Many flight attendants will often joke that dogs flying with their owners are the best-behaved passengers on the plane but the crew members on one recent Delta flight might have permanently reassessed that assertion.
In spite of a ban on most emotional support animals traveling in the passenger cabin of Delta Air flights, the airline does still allow some pets to travel with their owner, although it doesn’t always go without incident, as passengers on one recent flight found out.
In a now-viral tweet thread, Mike Solana described what happened to his boyfriend as he was sitting on the Delta flight to Miami and it’s a story that no one would to live through themselves.
“my bf is on a plane to miami right now and a bulldog in the row next to him just had diarrhea,” Mike said in his original tweet. “everyone freaked out, the dog owner began sobbing, and the dog escaped. now, covered in poo, it is running around the plane. people are lifting up their legs and screaming,” Mike continued.
correction, the dog (window) was actually next to bf (middle). bf's bookbag now covered in poo lmao (sorry). journey began when the girl next to bf (aisle) thought dog was cute and wanted to hold him on her lap, at which point he exploded.— Mike Solana (@micsolana) September 12, 2022
In a follow up tweet, Mike said his boyfriend’s bookbag was now covered in dog poop.
The incident happened, Mike says, when the passenger sitting in the aisle seat took a liking to the dog and asked to pet it. The dog was let out of his carrier but “exploded” when he was sitting on the passenger’s lap.
further developments, flight attendant offering wine to most afflicted up front, biohazard kit has been taken out (!!!), seats covered in blankets, and a woman in first class is upset her dinner tray has not yet been taken away— Mike Solana (@micsolana) September 12, 2022
The flight attendants swung into action, covering up soiled seats with spare blankets and breaking out a biohazard bag to safely dispose of items covered in dog poop.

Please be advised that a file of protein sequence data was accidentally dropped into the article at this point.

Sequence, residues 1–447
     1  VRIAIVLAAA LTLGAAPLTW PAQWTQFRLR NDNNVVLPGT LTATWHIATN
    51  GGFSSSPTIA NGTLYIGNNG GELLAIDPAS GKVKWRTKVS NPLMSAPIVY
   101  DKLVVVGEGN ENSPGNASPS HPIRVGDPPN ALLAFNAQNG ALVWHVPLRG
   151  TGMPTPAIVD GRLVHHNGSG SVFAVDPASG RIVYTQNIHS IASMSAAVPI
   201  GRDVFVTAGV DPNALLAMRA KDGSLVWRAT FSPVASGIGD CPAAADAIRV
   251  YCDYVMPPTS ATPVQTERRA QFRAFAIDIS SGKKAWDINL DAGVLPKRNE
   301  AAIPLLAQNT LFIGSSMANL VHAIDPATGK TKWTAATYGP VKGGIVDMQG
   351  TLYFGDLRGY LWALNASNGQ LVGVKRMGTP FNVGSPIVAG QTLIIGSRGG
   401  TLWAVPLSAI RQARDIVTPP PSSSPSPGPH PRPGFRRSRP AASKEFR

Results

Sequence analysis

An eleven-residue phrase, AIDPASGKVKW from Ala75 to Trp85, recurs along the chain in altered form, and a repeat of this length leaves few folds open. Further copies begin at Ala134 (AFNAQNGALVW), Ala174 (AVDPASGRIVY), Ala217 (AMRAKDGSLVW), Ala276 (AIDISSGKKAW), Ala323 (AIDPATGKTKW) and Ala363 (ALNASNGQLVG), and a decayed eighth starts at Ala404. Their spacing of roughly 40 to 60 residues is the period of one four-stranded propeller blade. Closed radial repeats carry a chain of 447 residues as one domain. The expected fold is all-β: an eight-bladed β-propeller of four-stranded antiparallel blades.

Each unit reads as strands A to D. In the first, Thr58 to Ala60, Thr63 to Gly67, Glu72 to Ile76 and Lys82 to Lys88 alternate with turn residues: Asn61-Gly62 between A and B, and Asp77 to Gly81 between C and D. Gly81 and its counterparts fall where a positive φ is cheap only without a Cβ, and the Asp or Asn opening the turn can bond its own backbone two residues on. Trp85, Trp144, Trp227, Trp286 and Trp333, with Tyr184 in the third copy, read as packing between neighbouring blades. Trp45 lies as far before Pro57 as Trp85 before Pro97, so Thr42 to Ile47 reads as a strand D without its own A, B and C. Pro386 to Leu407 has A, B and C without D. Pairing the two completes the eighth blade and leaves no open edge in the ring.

Most importantly, perhaps, passengers caught up in the dog’s messy diarrhea episode were proffered wine as way of apology by the flight crew.
in the end, seats were lysol’d and scrubbed, 75 dollars in airline points were rewarded to direct hits, the lights were dimmed, and a very tired and ashamed lil pup watched tv for the rest of the trip. the plane safely landed. my bf is now home (he swears he can still smell poop)— Mike Solana (@micsolana) September 12, 2022
“in the end, seats were lysol’d and scrubbed, 75 dollars in airline points were rewarded to direct hits, the lights were dimmed, and a very tired and ashamed lil pup watched tv for the rest of the trip. the plane safely landed. my bf is now home (he swears he can still smell poop),” Mike said in a follow up tweet.
The lesson to be learnt? Follow the airline rules and keep your pet in its carrier.
Delta was one of the most vocal opponents of emotional support animals being allowed in the passenger cabin and successfully lobbied for the rules to be tightened. The airline claimed it had seen an 85 percent increase in animal incidents onboard its aircraft since 2016 including urination, defecation and biting.
The carrier argued that allowing animals to ban emotional support animals would “enhance” the travel experience for everyone and in January 2021, Delta did exactly that.
Delta does, however, still allow small dogs, cats and household birds to travel in the cabin, but they must be kept in a leak-proof kennel throughout the journey and pets should not be removed from the carrier during the flight.
The airline charges up to $200 one-way for a pet to fly in the passenger cabin but doesn’t charge an additional fee for clean-up costs.
Mateusz Maszczynski honed his skills as an international flight attendant at the most prominent airline in the Middle East and has been flying throughout the COVID-19 pandemic for a well-known European airline. Matt is passionate about the aviation industry and has become an expert in passenger experience and human-centric stories. Always keeping an ear close to the ground, Matt's industry insights, analysis and news coverage is frequently relied upon by some of the biggest names in journalism.